I’m going back to the idea of treating each langauge in a separate post. Hopefully this will make the comments a bit more manageable (especially since I cross posted the last one onto my erlang blog as well).
There were several factor related comments on the last post that I wanted to address before I moved on to section 1.1.7.
Anonymous Is Factor “done”? Seems like it’s still very much a work in progress.
Can you comment on your choice of Factor and what has made it enjoyable for you?
Anonymous is right, Factor isn’t done yet. It is getting close though, and for what I’m doing, it seems to be “done enough”. I’m using it because I’ve been thinking about learning a stack based language for a while, just to learn to think a little bit differently. So far, it’s fun because it’s doing just that.
And the related:
Ed Borasky Factor? What does Factor have that Forth doesn’t have? At least Forth has an ANS standard and some vendors and a few thousand person-decades of programmer experience.
Ed, I think the big thing that drew me to Factor over Forth was an active Factor community that I sort of tripped over. Sometimes, it’s the squeaky wheel that draws a user.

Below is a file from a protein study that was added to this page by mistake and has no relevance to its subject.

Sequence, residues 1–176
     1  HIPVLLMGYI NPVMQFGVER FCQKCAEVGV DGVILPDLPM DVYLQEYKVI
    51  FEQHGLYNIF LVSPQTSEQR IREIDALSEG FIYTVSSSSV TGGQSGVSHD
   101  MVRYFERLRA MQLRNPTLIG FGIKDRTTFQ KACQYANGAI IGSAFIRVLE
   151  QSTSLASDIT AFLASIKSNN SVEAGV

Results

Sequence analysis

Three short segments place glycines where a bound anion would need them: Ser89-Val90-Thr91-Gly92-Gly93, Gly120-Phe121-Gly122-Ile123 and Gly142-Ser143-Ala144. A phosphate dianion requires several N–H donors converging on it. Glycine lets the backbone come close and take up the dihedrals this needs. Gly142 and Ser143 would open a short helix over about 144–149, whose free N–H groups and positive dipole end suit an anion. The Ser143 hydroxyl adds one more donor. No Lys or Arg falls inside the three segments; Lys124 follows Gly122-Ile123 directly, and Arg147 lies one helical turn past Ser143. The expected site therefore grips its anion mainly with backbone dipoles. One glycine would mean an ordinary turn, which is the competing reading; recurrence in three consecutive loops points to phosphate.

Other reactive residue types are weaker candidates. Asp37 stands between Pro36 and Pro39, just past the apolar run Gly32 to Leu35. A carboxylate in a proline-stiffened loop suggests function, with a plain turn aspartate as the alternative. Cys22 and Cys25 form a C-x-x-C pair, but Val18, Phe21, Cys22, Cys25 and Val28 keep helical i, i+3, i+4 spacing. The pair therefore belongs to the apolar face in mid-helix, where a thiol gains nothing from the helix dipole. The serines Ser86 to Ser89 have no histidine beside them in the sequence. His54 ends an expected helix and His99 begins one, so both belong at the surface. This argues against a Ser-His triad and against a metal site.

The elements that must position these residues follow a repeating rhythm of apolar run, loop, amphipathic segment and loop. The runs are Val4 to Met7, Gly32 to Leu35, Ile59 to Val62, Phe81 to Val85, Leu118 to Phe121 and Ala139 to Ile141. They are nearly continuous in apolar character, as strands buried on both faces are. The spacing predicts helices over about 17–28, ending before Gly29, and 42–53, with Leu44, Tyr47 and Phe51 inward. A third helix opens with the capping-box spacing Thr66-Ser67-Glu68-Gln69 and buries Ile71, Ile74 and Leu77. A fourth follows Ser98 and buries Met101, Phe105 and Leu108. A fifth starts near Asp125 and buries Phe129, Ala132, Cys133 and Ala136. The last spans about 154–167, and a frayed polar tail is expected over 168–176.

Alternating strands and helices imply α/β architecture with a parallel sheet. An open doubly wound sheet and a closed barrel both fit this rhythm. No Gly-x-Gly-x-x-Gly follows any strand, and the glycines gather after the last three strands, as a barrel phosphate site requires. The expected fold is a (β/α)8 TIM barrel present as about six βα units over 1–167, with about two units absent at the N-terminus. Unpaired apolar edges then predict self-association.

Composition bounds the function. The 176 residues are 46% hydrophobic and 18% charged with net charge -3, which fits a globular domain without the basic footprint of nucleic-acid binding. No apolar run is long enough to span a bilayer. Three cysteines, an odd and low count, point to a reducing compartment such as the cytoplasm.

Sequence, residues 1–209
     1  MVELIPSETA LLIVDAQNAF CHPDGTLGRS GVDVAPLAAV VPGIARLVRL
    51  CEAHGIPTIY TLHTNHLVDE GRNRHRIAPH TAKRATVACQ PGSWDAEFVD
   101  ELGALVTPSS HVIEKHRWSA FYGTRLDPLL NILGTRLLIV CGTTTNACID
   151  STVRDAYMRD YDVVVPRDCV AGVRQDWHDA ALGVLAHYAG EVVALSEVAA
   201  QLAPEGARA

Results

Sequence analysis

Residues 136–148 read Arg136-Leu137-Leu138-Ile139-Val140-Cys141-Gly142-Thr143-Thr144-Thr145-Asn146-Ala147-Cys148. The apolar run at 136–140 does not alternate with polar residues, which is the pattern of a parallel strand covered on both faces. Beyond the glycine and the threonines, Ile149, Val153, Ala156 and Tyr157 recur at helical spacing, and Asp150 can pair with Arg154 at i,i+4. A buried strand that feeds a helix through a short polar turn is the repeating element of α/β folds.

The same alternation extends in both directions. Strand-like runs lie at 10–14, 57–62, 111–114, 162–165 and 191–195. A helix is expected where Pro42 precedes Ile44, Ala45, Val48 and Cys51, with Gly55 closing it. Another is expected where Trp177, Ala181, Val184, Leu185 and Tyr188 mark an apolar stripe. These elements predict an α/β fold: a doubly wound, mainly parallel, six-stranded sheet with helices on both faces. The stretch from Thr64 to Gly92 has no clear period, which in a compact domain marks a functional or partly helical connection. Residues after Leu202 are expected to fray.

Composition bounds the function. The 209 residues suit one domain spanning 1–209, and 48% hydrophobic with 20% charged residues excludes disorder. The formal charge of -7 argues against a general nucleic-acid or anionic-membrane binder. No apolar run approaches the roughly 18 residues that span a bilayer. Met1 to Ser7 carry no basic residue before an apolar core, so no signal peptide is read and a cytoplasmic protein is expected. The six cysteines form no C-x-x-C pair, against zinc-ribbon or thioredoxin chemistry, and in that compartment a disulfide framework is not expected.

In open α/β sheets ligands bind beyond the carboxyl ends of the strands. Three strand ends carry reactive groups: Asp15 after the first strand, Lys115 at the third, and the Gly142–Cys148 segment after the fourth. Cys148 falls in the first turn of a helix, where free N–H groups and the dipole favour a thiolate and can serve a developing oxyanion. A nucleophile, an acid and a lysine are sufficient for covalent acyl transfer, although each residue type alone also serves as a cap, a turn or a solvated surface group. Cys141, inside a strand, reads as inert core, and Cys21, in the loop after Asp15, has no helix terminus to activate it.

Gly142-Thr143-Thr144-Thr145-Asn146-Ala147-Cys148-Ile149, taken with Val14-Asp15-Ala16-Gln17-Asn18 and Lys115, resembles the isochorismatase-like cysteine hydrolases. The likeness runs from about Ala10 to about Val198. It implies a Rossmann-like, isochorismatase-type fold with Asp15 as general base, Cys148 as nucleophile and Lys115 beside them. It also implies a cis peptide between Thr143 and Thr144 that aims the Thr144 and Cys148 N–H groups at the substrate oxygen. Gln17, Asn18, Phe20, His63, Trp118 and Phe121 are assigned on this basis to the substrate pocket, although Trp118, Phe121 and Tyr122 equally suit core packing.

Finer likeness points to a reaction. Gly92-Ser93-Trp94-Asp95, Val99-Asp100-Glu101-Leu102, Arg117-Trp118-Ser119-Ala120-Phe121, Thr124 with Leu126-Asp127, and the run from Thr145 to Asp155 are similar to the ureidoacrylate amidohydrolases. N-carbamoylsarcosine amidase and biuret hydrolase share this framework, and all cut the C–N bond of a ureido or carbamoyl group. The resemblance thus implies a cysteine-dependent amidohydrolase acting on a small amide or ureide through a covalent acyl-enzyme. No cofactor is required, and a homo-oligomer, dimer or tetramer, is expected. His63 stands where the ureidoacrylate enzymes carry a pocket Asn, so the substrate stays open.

The last two weren’t specifically related to Factor, but did show better ways of solving exercise 1.3 (without resorting to lists), so I worked up a factor solution in their vein:
: min ( a b -- a b ) 2dup < [ swap ] when ; : top-two ( a b c -- d e ) min rot min -rot ; : sum-of-squares ( a b -- c ) sq swap sq + ; : sum-squares-of-larger ( x,y,z -- x ) top-two sum-of-squares ;
I agree that this is a much better way of solving the problem.
Okay, on to some code. I’m going to use the built-in sq and abs words from now on. There’s no sense in continuing to use mine when there’s a perfectly good version of the word already there. SICP built a series of procedures to find square roots using Newton’s method: sqrt, sqrt-iter, improve, average, and good-enough?. I rewrote these into the following Factor:
: average ( a b -- c ) + 2 /f ; : improve-guess ( num guess -- guess ) dup swapd /f average ; : good-enough? ( num guess -- ? ) sq - abs 0.001 < ; : sqrt-iter ( num guess -- guess ) 2dup good-enough? [ ] [ swap dup swapd swap improve-guess sqrt-iter ] if ; : sqrt ( num -- root ) 1.0 sqrt-iter ;
These are nice and fairly concise, but sqrt-iter seems pretty ugly. I checked back in with the good folks on #concatenative (who have been immensely helpful) and they agreed, saying “swap dup swapd swap is a code smell”. They pointed out the dupd word, which does the same thing. so a better version of sqrt-iter would be:
: sqrt-iter ( num guess -- guess ) 2dup good-enough? [ ] [ dupd improve-guess sqrt-iter ] if ;
Which can be improved still further into:
: sqrt-iter ( num guess -- guess ) 2dup good-enough? [ dupd improve-guess sqrt-iter ] unless ;
I’m sure there are ways this could be improved yet further. Leave me a comment with your ideas. I’ll try to post my Ruby version tomorrow and Erlang on Thursday.